Search for the 8th century long lost temple
The Tamreswari Temple, also known as Kesaikhaiti Temple at Sadiya in Tinsukia district is as old as the historic Kamakhya Temple.
Hardly mentioned in details in literature, the temple would have been an equally ‘most thronged temple’ like the Kamakhya Temple if it would not have gone underneath the ground during the 1950 Assam earthquake. Presently, even the exact location is also unknown.
To trace the history of the temple and recover the ruins, the Archeological Survey of India (ASI) Guwahati Circle has launched a ‘search operation’ at Sadiya.
“Goddess Kali used to be worshipped in the temple and was built in and around 8th to 12th century. The Kamakhya Temple was built around the 7th century. As per records, the Tamreswari Temple was initially built of stone and the idol was made of copper. Later the Koch rulers rebuilt the temple with bricks. The temple used to be humming with devotees during that period just like today’s Kamakhya Temple,” said Milan Kumar Chauley, superintending archeologist, ASI Guwahati Circle.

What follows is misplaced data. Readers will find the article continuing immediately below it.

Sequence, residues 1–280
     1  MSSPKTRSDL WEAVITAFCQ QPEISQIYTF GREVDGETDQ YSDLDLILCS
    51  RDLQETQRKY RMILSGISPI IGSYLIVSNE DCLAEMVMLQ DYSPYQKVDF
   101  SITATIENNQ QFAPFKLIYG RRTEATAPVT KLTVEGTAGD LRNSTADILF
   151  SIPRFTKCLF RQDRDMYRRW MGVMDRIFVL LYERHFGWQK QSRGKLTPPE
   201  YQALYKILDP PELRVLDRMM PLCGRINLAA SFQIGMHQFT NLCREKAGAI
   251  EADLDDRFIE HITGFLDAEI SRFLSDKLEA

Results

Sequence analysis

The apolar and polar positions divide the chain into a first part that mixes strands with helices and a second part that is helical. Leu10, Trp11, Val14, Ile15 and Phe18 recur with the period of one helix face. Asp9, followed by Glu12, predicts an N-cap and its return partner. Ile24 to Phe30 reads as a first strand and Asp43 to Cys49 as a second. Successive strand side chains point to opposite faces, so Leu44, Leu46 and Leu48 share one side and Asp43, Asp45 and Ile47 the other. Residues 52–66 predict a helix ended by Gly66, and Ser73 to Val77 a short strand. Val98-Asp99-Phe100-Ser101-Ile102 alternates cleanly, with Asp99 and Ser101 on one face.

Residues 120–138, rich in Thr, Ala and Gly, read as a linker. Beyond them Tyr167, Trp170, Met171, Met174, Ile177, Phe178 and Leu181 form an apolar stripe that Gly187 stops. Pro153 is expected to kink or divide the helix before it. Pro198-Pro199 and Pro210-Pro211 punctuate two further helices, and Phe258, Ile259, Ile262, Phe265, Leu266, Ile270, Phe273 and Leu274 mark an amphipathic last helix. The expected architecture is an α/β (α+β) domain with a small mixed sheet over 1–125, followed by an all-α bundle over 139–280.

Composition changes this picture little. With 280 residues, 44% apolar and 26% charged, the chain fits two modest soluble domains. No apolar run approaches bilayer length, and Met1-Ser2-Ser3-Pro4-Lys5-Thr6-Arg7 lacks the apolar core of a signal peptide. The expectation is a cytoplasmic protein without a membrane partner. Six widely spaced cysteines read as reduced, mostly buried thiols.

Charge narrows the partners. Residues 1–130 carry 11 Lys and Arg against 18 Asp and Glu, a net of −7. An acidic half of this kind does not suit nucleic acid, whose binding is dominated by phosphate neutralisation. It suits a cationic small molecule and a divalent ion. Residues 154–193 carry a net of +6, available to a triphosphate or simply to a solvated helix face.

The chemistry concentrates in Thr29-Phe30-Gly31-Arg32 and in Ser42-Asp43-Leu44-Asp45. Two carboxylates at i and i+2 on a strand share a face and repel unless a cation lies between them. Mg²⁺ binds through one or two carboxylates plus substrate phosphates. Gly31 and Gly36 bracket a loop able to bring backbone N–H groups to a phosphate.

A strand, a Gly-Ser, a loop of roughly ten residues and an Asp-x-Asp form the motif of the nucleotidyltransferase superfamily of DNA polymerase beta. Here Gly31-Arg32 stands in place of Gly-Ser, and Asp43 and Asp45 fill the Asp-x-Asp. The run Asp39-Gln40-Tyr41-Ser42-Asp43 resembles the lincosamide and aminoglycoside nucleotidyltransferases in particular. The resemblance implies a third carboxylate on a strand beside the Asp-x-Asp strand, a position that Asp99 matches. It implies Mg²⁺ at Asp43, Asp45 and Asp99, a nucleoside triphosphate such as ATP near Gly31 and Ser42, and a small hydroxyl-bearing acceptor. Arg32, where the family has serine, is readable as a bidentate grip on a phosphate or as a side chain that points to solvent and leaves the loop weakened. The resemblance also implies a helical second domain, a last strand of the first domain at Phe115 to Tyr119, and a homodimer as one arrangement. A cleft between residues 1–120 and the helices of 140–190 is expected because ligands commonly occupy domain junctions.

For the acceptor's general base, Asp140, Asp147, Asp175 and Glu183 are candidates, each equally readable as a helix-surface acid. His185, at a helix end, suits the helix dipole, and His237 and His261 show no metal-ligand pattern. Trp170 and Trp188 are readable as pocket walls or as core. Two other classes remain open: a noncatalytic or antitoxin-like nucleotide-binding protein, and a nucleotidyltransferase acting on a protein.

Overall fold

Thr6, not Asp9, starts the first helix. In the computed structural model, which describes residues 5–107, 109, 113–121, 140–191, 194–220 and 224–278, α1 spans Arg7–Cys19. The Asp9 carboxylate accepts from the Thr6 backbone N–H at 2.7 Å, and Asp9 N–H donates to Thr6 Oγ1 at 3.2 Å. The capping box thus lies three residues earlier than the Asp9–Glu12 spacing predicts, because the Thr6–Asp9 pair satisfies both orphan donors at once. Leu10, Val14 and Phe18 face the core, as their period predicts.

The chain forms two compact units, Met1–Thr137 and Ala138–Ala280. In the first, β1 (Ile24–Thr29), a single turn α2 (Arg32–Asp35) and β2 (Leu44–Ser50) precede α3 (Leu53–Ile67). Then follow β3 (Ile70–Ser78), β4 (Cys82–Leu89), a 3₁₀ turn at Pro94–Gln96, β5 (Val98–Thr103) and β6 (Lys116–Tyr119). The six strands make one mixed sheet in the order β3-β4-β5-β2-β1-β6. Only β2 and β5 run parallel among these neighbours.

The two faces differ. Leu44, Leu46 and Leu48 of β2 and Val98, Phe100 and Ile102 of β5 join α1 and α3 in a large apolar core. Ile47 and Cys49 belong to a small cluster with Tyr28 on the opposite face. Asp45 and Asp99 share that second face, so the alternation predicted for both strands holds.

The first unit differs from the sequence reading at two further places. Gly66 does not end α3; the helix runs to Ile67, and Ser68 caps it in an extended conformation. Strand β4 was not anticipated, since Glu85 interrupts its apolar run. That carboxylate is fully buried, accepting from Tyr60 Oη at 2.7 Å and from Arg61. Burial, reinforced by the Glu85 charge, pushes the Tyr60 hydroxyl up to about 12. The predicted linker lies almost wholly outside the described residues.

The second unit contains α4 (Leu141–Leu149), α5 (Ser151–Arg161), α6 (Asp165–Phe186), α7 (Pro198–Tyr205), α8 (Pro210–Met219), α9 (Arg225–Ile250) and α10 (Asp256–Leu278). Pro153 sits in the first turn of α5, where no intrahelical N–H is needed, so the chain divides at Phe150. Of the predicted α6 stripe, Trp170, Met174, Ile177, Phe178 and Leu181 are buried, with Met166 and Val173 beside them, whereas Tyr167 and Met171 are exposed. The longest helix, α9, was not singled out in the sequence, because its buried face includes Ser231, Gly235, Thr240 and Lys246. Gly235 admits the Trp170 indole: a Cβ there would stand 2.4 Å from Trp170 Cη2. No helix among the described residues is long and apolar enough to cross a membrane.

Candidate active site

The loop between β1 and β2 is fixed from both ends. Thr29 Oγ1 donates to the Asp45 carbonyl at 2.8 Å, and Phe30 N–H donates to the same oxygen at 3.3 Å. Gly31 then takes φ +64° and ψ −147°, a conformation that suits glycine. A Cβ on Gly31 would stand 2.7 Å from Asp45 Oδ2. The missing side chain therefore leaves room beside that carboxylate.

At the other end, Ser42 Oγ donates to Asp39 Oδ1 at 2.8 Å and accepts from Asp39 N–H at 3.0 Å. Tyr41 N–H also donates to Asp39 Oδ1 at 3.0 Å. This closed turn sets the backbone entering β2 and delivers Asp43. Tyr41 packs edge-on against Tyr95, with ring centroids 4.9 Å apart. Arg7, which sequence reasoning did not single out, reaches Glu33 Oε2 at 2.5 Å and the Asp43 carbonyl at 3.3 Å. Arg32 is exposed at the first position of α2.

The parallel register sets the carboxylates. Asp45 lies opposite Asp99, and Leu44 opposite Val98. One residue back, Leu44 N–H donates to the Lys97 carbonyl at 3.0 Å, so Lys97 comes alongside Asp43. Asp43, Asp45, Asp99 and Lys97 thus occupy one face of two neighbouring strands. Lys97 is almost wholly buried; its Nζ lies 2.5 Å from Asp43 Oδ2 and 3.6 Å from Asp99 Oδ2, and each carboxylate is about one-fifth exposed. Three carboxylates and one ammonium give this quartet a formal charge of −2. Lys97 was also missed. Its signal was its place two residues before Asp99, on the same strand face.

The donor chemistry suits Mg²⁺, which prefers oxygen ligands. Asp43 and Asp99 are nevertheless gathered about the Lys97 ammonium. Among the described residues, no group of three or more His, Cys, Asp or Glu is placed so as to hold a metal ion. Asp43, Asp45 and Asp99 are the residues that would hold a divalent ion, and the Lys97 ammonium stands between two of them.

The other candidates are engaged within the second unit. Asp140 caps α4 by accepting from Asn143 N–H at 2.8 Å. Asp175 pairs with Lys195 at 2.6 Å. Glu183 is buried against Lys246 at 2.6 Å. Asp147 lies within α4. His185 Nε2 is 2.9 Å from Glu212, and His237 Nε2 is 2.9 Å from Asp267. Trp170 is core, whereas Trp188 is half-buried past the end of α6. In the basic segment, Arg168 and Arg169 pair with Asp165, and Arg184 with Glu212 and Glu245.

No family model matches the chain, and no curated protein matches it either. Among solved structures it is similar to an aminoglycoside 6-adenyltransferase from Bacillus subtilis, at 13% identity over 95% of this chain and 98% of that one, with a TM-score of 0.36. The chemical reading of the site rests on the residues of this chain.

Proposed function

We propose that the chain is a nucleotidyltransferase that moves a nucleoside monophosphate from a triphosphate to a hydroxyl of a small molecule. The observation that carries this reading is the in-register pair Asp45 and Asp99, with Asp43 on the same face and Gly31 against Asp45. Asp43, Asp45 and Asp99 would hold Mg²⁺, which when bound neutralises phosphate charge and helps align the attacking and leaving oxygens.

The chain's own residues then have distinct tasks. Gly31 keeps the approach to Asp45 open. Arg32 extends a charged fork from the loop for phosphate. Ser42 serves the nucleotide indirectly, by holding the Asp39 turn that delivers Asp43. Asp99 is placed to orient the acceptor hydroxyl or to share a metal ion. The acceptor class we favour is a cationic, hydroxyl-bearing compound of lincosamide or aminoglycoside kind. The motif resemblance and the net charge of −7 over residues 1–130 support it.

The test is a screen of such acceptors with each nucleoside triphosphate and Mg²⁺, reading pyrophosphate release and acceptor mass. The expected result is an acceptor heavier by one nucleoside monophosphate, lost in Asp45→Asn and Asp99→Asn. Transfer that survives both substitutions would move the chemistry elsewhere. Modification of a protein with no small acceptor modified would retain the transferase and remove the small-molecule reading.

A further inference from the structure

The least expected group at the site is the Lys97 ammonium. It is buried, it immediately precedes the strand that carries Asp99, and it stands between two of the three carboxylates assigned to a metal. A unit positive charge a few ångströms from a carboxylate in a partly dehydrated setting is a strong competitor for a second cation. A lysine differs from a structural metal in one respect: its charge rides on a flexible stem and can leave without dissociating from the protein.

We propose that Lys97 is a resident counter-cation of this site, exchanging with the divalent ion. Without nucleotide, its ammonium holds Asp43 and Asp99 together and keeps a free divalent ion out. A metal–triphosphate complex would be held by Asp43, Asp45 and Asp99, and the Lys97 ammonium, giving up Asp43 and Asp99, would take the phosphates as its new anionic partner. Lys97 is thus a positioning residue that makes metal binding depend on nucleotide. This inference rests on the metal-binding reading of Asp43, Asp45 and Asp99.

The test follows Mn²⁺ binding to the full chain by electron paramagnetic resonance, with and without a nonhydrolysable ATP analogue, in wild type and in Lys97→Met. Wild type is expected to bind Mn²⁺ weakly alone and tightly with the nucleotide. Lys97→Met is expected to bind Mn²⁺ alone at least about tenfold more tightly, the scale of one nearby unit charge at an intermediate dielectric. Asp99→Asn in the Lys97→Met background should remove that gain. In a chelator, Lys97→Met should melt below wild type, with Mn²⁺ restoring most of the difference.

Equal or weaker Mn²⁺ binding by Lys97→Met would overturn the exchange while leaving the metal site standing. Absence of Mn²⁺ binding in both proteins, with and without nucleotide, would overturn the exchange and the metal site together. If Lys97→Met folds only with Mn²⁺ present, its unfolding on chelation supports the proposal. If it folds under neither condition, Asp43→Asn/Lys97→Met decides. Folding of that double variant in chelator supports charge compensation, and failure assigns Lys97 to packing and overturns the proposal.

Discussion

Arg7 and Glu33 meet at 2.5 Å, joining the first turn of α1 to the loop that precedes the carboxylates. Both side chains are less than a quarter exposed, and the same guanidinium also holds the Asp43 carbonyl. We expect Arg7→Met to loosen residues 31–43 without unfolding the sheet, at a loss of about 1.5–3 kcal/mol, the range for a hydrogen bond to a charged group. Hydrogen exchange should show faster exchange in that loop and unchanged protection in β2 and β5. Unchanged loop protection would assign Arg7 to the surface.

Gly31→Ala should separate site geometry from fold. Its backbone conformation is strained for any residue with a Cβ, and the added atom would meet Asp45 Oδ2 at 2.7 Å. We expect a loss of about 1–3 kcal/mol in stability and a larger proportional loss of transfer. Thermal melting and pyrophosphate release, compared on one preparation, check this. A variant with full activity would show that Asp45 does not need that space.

He added, “The temple started to suffer damages since 1920. But during the 1950 earthquake in Assam, the river changed its way and the temple went underneath the ground. The people living in the nearby areas relocated the cooper idol from the temple to another place but the temple couldn’t be saved. The family of the priest left the temple in the 19th century itself for reasons unknown.”
Chauley further shared that from ‘historical point of view’ the Tamreswari Temple is of ‘great significance’ and also ‘an important monument of the State’. But lack of photographs and literature is making the department’s job tough to bring back the ruins of the past.
“We don’t find much reference about this temple in the textbooks. People should be made aware regarding such rich heritages of the region. We are trying to gather more information about this temple, taking the help of the glass-negatives of the many decades-old photographs. Earlier in 80s and 90s, expeditions were undertaken, but nothing noteworthy was found. As only the ruins remain now, we don’t hope about finding a complete structure of the temple, but we trying to find more information about it,”